TORONTO, Feb. 6, 2018 /CNW/ – The Canadian Treatment Action Council (CTAC) has published a white paper entitled, “The time has come to eliminate hepatitis C in Canada,” which summarizes the increasing gaps in Canada’s response to the hepatitis C epidemic and identifies seven calls-to-action. CTAC is once again demonstrating its commitment to securing and ensuring access to testing, treatment, care and support for Canadians living with HIV and hepatitis C virus (HCV).
Along with like-minded allies, CTAC is calling upon policymakers and community leaders to respect their engagement to eliminate hepatitis C infection in Canada by adopting a public health strategy and making a clear commitment toward the elimination of viral hepatitis. Commenting on the campaign, CTAC Executive Director Shelina Karmali said, “We’re hoping our white paper stimulates a response at all levels of government so that every Canadian managing HCV will have access to equitable and timely testing and treatment.” Ms. Karmali added, “HCV is 100 per cent curable.”
The Issues An estimated 220,000 – 245,000 Canadians are infected with HCV. Unfortunately, around 44% of those individuals are unaware of their status, and are often only diagnosed incidentally to something else. There is a large population of individuals currently aging with HCV, whether diagnosed or not, who are now experiencing complications of HCV, some of which are quite severe, such as cirrhosis, liver failure and death. The cost to the healthcare system is greater than treating HCV. Indigenous communities, people who inject drugs, ethno-cultural communities and baby boomers are at an increased risk of being affected by HCV.
The administrators of a class action settlement for people infected with hepatitis C during Canada’s tainted blood scandal are appealing for people who missed a deadline for compensation to come forward and make a claim.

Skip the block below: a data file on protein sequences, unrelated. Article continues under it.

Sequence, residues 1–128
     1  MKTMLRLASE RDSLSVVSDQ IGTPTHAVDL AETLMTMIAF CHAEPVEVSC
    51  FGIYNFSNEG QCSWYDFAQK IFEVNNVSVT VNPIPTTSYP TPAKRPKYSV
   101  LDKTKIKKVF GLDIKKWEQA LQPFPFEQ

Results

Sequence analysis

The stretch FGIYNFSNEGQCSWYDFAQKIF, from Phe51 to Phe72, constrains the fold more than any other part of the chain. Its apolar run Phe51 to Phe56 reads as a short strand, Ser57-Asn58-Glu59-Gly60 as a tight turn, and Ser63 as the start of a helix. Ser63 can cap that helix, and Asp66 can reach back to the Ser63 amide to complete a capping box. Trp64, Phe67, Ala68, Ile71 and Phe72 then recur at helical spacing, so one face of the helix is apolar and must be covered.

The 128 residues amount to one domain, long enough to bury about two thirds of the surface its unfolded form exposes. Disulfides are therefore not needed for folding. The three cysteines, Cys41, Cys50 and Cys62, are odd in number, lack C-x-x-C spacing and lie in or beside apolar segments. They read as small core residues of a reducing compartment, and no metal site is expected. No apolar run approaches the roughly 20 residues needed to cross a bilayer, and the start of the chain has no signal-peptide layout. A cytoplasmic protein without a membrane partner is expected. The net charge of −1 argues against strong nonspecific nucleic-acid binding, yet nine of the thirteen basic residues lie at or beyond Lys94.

Thousands of Canadians were infected with the liver disease after receiving tainted blood transfusions or blood products between 1986 and 1990.
Under a class-action settlement approved by the courts in 1999, potential claimants to compensation were given a deadline of June 30, 2010 to file a claim.
– New Data for First Approved Pan-genotypic Once-Daily Single Tablet Regimen for
Chronic Hepatitis C Virus Infection –
MISSISSAUGA, ON, Sept. 21, 2017 /CNW/ – Gilead Sciences Canada, Inc. (Gilead Canada) today announced that Health Canada has granted a Notice of Compliance (NOC) for updated labeling of EPCLUSA® (sofosbuvir 400mg/velpatasvir 100mg), the first all-oral, pan-genotypic, once-daily single tablet regimen (STR) for the treatment of adults with chronic hepatitis C virus (HCV) infection, to include use in patients co-infected with HIV-1. Health Canada granted EPCLUSA an NOC in July 2016, for the treatment of adults with genotype 1-6 chronic HCV infection without cirrhosis or with compensated cirrhosis, or with decompensated cirrhosis in combination with ribavirin.
“HCV co-infection remains a major cause of morbidity in HIV-infected individuals. With this expanded indication, EPCLUSA provides co-infected patients with a much-needed one-pill-a-day regimen that works across all HCV genotypes and at all stages of disease. Being compatible with most widely-used antiretroviral regimens adds to its convenience,” said Dr. Brian Conway, President and Medical Director, Vancouver Infectious Diseases Centre. “With EPCLUSA, physicians have an important new treatment option for their HCV/HIV co-infected patients.”